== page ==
As 2017 bikes begin to emerge it has become abundantly clear that manufacturers have in the past 12 months invested big in the off road side to electric bikes. Here’s five builds that have flashed across our radar so far:
The Moterra LT isn’t set for all of CSG’s territories, but was one of the most popular test bikes out at Eurobike’s Media Days this week.
Offering 160mm of travel it handles as it should on downhill sections with the bulk of the weight placed centrally. Built into the aluminium frame the Bosch Performance CX motor delivers 250 watts of power and 500 watts of support.
Motor assistance aside, Cannondale has specced a 1×11 drivetrain, 27.5-inch wheels, as well as a dropper and plus ready Yari fork from Rock Shox.
Benefiting from CSG’s portfolio, finishing kit includes a Fabric saddle.
Specialists in powering things with a motor, KTM builds on last years’ introductions significantly with a power assisted Kapoho revamp, Lycan 27.5″, New Fogo 27.5+, as well as “Sport and Style” urban high and low step over builds.
There’s an industry first too, with the introduction of the Macina Force 271 E30, something the brand says is the first with 30 gears, offering 610% ratio that will never leave a rider short of options. Combining SRAM’s DD3, 3 gear shifting hub, together with a ten speed derailleur, the system will haul you up the steepest inclines around. The high torque Bosch CX engine has been specially adjusted to suit.
On to the Macina Fogo hardtail and KTM introduces what it calls an e-sportive bike and one that’s designed with maximum traction and forgiveness in mind. The frame comes together with the help of hydroforming, drop forging, CNC processing and gravity casting and indeed that was a point emphasised by the brand.
CyclingIndustry.News was told that the label has been very deliberate in investing in the high-end of the sector, with no corners cut in materials and processes. “The market wants €7,000 euro E-MTBs, so we’ve invested heavily in new tooling to make the best bikes possible at the high-end,” said a spokesperson at Eurobike’s press camp.
The Kapoho LT spec is another attention grabber, even if in part due to a yet-to-be-released Magura fork, as seen left.
Despite design challenges, KTM has maintained the original layout of the Bosch motor and thus the warranty too. Offering 160mm of rear travel, the Pedalec Optimized Pivot dampening reduces the drive influence on the suspension, ensuring no power goes to waste. Internal cable routing, a new tapered steerer and integrated post mounts offer a clean aesthetic, while the battery blends seamlessly into the downtube thanks to a gravity cast section.
On Sport and Style (urban), KTM is offering a portfolio of bikes from €2,500 upwards, each of which is built around an aluminium frame that’s been thoroughly gone over to shave grams.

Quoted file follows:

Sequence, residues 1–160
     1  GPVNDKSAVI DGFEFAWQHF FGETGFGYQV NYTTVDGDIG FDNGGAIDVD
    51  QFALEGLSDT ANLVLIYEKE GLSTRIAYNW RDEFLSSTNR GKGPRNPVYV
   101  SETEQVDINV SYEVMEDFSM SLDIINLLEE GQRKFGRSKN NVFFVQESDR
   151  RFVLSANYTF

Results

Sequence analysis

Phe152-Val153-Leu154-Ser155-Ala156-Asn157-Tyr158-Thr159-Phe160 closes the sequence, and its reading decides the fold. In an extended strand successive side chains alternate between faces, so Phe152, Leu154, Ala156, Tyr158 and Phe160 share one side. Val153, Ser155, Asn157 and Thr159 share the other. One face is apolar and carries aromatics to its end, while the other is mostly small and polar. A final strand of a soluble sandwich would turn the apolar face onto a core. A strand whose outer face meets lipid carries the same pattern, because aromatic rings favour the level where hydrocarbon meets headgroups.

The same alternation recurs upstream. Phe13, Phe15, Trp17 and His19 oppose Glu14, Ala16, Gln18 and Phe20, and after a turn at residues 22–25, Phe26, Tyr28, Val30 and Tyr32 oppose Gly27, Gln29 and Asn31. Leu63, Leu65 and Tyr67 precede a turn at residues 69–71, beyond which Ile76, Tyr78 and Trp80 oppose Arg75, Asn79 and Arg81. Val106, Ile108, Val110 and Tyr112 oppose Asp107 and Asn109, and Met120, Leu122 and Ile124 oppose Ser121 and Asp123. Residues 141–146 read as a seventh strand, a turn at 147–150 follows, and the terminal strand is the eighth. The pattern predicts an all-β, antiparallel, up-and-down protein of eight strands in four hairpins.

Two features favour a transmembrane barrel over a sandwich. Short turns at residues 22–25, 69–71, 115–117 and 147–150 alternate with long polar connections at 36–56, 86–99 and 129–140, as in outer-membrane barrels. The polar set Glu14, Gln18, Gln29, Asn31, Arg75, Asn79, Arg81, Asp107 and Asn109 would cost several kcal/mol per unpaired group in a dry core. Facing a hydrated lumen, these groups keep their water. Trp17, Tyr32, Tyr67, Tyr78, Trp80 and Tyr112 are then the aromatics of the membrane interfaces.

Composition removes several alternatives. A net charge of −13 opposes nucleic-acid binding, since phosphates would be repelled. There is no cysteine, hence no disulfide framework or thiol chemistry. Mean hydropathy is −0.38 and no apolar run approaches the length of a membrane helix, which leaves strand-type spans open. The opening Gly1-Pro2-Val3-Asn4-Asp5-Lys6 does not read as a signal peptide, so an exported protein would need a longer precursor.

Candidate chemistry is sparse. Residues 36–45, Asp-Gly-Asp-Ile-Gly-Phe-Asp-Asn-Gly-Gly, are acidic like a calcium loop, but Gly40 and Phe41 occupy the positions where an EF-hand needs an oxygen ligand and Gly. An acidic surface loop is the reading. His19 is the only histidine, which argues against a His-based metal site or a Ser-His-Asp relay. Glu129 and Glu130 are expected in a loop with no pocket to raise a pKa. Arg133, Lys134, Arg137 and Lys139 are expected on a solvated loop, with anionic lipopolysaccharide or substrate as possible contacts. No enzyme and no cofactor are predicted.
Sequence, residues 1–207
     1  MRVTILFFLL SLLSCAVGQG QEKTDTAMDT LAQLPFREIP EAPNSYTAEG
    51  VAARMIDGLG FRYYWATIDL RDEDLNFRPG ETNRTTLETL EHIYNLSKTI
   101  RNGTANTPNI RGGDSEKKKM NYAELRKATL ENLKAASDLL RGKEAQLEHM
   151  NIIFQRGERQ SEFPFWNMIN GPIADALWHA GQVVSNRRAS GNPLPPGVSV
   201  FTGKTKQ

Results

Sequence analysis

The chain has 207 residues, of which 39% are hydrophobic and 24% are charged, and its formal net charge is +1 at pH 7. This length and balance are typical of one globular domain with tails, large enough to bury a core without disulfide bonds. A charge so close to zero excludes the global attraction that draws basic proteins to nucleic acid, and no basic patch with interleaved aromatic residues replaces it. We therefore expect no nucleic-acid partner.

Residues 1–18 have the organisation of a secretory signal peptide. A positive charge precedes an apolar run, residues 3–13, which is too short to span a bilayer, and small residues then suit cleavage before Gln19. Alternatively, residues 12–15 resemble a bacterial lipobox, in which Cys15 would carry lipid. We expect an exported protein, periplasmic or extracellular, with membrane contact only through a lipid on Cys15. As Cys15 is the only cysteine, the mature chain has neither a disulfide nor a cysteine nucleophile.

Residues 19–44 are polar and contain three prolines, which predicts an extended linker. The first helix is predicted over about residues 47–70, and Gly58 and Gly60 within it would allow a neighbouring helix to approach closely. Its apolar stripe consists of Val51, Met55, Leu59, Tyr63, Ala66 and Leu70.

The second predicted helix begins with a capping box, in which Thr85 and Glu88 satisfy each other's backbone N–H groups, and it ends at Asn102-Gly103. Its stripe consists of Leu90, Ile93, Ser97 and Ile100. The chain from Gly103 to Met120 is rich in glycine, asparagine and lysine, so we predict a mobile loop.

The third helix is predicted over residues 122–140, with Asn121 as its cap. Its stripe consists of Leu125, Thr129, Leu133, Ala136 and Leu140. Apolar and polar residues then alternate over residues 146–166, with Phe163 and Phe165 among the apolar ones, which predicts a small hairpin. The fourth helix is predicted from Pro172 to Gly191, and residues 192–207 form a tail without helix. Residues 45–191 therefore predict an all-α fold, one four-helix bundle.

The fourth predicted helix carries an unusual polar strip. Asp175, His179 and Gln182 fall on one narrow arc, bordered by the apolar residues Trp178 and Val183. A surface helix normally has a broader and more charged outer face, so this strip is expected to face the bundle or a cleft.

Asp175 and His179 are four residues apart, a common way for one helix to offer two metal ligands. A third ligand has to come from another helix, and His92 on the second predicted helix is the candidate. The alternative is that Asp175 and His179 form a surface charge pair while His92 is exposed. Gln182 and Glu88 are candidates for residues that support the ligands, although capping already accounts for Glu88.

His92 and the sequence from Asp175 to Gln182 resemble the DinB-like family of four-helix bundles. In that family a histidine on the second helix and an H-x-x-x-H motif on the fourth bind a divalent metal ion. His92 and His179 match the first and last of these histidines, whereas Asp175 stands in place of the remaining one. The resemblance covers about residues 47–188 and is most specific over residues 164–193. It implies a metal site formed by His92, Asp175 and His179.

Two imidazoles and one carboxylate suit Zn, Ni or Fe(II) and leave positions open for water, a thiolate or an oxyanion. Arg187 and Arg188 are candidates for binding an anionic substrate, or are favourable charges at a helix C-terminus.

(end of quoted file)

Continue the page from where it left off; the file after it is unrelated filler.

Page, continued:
The Kato platform will be shown in full come Eurobike, but what we do know so far is that it’s to be Shimano Steps driven and 27.5+ clad, making it a high traction hill climber and equally capable on the descents with its 140mm front and rear travel.
Ghost says that one of the benefits of Shimano’s drive system is a biggie for the engineer in that the motor allows for shorter chainstays than its rivals current offerings.
Three models of the Kato are due, all of which are built around an alloy frame, but with varying spec.
You can read more about Ghosts new bike packing luggage line and other pedal powered launches here.
Giant has continued to develop its electric offering within both MTB and road, but it was the Full E’s revamp turning most heads.
Given a rear shock travel upgrade from 127mm to 140mm, the Full E becomes more capable across its three price points. Weight is reduced with a new composite rocker designed to take new metric-sized shocks, as well as an update to Giant’s Maestro suspension platform as seen across much of the off road line this year.
Giant retains a Yamaha motor, delivering 250 watts, while SRAM’s EX1 drivetrain takes over when rider power kicks in. Opting to create its own head unit and controls, the large display shows which of the three modes used, speed and cadence, among other readings.
With both hardtails and full suspension E-MTBs now in its extensive catalogue, Corratec’s Bosch-powered line now offers something for everyone.
Pictured here, the X Vert 29er will take a tyre up to 2.8″ and indeed Corratec has plus sized builds, as well as the standard option shown here. Both a gents and a low step over frame have been included in the 2017 line up.
Alternatively on the hardtail front, stores can also offer the X Vert Plus X and Plus Y builds, which come specced with high traction WTB 2.8 tyres. Carrying Magura’s MT4/MT5 brakes, Corratec has upgraded key components to best manage the bike on tough terrain. Both Deore XT and SLX versions are available.
Taking notes from the flagship full suspension build, there’s an adapted Bosch driven E-XTB, which offer’s Corratec’s own 10hz vibration damper linked to its Monarch RT shock. A Reverb dropper further ups the performance for those looking for something agile in the descents.